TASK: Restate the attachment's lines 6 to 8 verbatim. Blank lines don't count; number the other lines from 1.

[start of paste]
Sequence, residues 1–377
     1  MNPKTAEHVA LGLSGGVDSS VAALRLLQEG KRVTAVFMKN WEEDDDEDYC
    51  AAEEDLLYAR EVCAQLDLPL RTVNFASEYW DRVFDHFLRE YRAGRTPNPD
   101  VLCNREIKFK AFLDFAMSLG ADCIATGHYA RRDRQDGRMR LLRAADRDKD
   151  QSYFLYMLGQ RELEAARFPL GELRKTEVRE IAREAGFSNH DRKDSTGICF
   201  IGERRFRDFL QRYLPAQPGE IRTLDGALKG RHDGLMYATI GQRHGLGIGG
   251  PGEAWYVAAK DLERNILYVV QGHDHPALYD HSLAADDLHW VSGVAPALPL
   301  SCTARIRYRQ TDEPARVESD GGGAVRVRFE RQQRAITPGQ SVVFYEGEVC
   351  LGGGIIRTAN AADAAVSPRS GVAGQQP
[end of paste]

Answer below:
   201  IGERRFRDFL QRYLPAQPGE IRTLDGALKG RHDGLMYATI GQRHGLGIGG
   251  PGEAWYVAAK DLERNILYVV QGHDHPALYD HSLAADDLHW VSGVAPALPL
   301  SCTARIRYRQ TDEPARVESD GGGAVRVRFE RQQRAITPGQ SVVFYEGEVC